With turkey season comfortably in the rearview mirror, it’s time to start hammering out the checklist for fall. I love spending these next few months making changes, mods and adjustments to the team. I review my notes from last fall to keep any necessary modifications fresh in my mind. I record these changes on my phone from the booth throughout the season. It makes all the difference in repairing subtle squeaks and finding missing metal-to-metal contact points and loose parts.
Removing as much noise as possible from the equipment we use is one of the most essential tasks in mobile hunting. Let’s look at some proven ways to keep your gear quiet so you can stay on the move and get close this fall.
Hockey tape is the most versatile and durable material I have found at an affordable price. It offers excellent adhesive and fits well on virtually any frame. It’s not the ultimate for noise removal, but I use it for large, wide coverage areas. It’s textured, lightweight, and helps muffle those high-pitched “pings” and “clicks” from buckles, releases, and other metal-to-metal contact points. Hockey tape also provides a bit of texture to any surface and adds a little extra grip to what would otherwise be just a slippery metal surface. It is easily found at most sporting goods stores and of course online.
After a while, the tape adapts to itself, which makes it very strong and durable. Apply it to the edge of the seat, where it folds down and meets the platform. Don’t be afraid to get carried away with these things. Hockey tape is lightweight and versatile, and these modifications are fun to make.
I found Stealth Outdoors Stealth Strips a few years ago. Essentially, it is a cloth tape with a powerful adhesive. But don’t take these things for granted; It’s a game changer when covering support platforms, cables, climbing poles, bow perches, and any hard surface. Ultra-durable microsuede fabric with a strong adhesive won’t wear out with heavy use and is water resistant. It’s sold in various lengths and sizes, and you can cut and customize it to fit virtually any surface.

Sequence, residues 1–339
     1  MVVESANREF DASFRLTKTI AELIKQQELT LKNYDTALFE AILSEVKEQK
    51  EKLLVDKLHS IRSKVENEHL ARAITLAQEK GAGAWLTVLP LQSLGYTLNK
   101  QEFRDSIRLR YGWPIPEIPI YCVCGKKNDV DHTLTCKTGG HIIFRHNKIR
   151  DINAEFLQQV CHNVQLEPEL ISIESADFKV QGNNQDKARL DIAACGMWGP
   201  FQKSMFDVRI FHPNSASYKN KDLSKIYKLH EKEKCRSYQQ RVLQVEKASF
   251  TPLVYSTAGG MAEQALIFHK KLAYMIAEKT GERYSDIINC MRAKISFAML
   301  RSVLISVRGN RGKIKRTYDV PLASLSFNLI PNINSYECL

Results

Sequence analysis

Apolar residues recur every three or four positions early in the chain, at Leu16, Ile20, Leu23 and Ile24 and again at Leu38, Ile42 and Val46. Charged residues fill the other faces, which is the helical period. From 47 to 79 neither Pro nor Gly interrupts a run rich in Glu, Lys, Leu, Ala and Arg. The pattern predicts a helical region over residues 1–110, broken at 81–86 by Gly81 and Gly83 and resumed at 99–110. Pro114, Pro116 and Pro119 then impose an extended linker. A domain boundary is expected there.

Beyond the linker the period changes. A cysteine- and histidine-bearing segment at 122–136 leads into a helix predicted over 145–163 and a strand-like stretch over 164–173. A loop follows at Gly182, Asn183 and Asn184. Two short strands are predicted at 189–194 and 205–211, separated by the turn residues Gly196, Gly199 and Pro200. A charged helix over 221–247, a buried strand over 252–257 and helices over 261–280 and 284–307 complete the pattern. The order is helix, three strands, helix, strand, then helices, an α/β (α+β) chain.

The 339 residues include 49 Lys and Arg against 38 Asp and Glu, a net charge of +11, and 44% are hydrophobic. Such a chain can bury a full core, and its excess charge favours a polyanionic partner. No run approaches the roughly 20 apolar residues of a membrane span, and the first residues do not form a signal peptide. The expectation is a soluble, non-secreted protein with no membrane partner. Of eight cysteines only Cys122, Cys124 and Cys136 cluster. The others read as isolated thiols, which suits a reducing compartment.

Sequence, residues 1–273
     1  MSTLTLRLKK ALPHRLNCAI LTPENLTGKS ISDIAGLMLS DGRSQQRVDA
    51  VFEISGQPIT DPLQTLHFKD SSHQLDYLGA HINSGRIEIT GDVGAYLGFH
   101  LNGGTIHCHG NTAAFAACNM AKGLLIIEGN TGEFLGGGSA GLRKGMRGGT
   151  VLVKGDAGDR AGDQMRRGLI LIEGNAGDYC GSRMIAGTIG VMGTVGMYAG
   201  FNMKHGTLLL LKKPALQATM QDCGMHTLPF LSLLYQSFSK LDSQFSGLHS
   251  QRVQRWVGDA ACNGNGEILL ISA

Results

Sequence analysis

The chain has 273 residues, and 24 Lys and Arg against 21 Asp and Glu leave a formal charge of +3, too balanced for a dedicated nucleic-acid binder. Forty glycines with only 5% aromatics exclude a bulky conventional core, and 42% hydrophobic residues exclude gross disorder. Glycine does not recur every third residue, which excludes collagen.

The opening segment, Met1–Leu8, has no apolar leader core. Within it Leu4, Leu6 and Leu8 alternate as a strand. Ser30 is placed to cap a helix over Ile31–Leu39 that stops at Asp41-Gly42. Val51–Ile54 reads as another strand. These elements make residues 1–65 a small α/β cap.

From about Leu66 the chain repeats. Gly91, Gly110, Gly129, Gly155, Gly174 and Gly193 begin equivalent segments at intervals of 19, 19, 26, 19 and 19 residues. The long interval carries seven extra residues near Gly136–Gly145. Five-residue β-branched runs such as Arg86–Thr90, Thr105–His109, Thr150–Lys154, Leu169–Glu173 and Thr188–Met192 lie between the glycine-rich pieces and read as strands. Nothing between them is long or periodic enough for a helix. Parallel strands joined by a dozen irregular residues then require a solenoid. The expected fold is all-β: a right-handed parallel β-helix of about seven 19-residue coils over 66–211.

Stealth Strips also come in kits to fit specific brands of climbing poles and feature support for seamless coverage. They significantly reduce any high-pitched noise that is easily picked up by deer. I use them on climbing poles, strap buckles, support cables, pack buckles, the rack on my bow lift, and any other contact point that doesn’t impact the functionality of my gear.
rubber grip tape
Some areas require a slightly heavier focus to reduce noise. Cushioning moving joints such as carabiners, buckles and platform contact points is vital. These points seem to cause the worst headaches for a mobile approach because they are handled constantly. We are always dismantling and assembling, packing and repacking. When I need a thicker material to isolate sound, I use rubber grip tape in one of two ways; bicycle sandpaper or baseball bat sandpaper. They both get the job done, but I prefer the baseball bat grip tape if I had to pick one. It forms into curved frames a little easier and holds its adhesive well.
While these materials are the most sound deadening I’ve come across so far, I don’t cover everything with them. The rubber grip tape can add some weight, so be aware of how much you use if the weight influences your focus. It also wears more easily and loses its adhesive faster than hockey tape or Stealth Strips.
These simple apps are not bulletproof. They are a small insurance policy to help protect you from yourself. This realization came from some painful mishaps over the years that are forever etched in my memory bank. You did all your homework, checking maps, exploring new signs, and waiting for conditions to be right. When the stakes are high and nerves start to take over, mistakes can happen and attention to small details matters most. Don’t let a metal climbing pole buckle or an exposed seat in a tree keep you from enjoying the season of your dreams.
Featured image via Captured Creative.